3 Comments

Summary:

After launching to Jolicloud users last year, cloud-storage aggregator Drive is being re-introduced with a Pro version and a Chrome extension, helping to bring more cloud data support to Google’s Chromebooks and users who work in a browser.

jolidrive all access

I’ve lost track of how much online or cloud storage I actually have from Google, Dropbox, OneDrive and others. I think it’s around 1.3 terabytes at this point. More importantly, with so many different online storage providers, I couldn’t tell you where a particular file is if I had to go find it; there are just too many places to look now. Enter Drive, which aggregates multiple cloud storage services into a single place in your browser. Drive launched least year as Jolidrive but is being reintroduced with the rise of Chrome OS devices.

Drive is the brainchild of the Joli team which debuted the web-based Joli OS, now known as Jolicloud, in 2009. It has more than 1.5 million users of the software. And like me, many of those 1.5 million users have files stored in multiple places in the cloud. That’s where the new Drive service comes in, which is part of Jolicloud’s new effort to help those who work in a browser.

The HTML-based software works in Safari, Firefox, Internet Explorer and Chrome; there’s also a Chrome app that works offline and, of course, Drive works on Chrome OS devices as well. Signing in to Drive shows the file explorer with the option to add Google Drive, Dropbox, Box, MediaFire, One Drive, Put.io, and SugarSync storage. I was able to add both my Google Drive and Dropbox accounts into Jolidrive and then move a file between the two.

jolidrive accounts

I had to use a menu option for that, but Drive Pro users can pay 5€/month for true drag-and-drop file moves. The Pro version also supports multiple accounts from a single cloud storage service. I have two Google Drive accounts, for example: One for work and one for personal use. The Pro option would let me aggregate both of these file systems into Drive.

There isn’t yet a universal search feature that I can see on Drive, so I’ll still need to search different cloud services for specific files. Still, I like what I see here, particularly for Chrome OS users.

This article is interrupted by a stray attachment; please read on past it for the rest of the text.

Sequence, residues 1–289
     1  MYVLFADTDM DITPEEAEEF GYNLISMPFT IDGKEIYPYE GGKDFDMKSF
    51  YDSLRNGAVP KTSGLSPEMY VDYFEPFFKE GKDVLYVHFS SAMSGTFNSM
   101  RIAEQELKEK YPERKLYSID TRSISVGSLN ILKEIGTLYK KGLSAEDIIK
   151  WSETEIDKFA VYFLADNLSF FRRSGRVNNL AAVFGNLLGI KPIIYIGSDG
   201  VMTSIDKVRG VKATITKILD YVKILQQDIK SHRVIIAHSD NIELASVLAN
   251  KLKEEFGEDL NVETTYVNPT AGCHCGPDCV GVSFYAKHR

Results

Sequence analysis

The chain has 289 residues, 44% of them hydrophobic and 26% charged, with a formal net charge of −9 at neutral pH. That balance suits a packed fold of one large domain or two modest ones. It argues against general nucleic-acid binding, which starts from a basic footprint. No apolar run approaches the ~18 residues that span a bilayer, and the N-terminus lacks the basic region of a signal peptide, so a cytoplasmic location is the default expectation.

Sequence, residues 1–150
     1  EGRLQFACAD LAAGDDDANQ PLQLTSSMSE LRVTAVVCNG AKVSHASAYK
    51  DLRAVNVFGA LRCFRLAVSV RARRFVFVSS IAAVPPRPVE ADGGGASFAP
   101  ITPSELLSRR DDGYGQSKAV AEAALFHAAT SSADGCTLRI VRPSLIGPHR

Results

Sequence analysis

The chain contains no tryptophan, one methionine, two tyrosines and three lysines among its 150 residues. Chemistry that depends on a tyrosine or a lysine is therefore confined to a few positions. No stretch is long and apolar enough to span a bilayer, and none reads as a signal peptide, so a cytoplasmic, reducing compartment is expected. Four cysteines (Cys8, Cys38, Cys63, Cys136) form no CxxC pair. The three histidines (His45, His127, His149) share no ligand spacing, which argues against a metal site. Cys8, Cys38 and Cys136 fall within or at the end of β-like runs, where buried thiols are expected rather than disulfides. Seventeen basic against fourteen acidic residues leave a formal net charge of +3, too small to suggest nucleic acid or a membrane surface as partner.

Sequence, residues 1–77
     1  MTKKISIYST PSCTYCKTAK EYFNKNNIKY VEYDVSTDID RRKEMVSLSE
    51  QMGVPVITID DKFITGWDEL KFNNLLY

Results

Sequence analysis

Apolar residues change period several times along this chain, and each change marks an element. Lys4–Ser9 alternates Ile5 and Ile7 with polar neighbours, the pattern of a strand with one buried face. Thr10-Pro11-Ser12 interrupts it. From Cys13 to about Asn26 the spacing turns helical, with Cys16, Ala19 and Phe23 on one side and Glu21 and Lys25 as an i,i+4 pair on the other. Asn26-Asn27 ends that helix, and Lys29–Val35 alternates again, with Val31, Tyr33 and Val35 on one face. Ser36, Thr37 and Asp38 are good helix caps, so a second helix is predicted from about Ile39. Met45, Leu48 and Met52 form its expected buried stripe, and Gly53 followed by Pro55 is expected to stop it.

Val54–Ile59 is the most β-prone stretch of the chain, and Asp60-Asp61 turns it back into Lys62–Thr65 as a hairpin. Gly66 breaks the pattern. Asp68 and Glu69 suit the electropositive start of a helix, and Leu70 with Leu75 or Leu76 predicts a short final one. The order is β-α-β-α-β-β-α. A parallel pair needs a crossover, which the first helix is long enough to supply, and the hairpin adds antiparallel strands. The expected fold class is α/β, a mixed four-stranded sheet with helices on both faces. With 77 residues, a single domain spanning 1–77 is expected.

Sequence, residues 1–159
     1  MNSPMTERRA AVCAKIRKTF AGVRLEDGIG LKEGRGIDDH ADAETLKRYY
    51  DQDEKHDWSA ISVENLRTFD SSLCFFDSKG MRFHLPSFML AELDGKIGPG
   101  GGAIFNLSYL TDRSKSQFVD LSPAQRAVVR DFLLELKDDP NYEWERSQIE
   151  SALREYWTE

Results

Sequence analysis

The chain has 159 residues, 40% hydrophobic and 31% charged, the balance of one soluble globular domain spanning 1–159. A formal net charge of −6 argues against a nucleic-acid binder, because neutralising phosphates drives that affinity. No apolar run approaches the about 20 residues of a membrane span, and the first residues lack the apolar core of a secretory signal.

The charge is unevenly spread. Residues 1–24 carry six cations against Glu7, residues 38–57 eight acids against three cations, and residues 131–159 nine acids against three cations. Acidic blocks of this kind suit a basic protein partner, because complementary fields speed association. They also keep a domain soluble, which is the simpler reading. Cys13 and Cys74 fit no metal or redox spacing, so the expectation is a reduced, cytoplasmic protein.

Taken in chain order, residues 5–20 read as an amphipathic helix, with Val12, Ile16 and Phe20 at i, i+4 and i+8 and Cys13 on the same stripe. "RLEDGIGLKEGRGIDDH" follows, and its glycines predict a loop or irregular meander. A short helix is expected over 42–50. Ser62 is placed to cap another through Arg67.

At the moment, you can’t aggregate cloud storage services in Google’s web-based software platform. The Files app in Chrome OS shows your local storage and one Google Drive account, plus any external storage you may have connected. Drive brings a browser-based solution to Chrome OS, adding all of your data in the cloud to a single browser window.

 

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Thursday, August 28, 2014
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3 Comments

  1. Good post. What I also like in ghe new Drive is the simple graph on the right showing the free space left for every cloud service. I would love a summary page of all my clouds storages with their free space and other datas.

  2. Robotech_Master Wednesday, June 18, 2014

    Just to note, JoliOS was not “web based,” it was a version of Ubuntu Linux. JoliCloud was the web-based thingie, which essentially consisted of a visual bookmarks page for all the web-based apps a given user had installed on his JoliOS system.

    Joli eventually ditched JoliOS (sad to say; it was a pretty great little easy to use operating system) after apparently determining it wasn’t popular enough to keep upgrading.

  3. Bob Heathcote Thursday, June 19, 2014

    I can’t help but think the providers are going to block this. They rather you used their interfaces so they can show you ads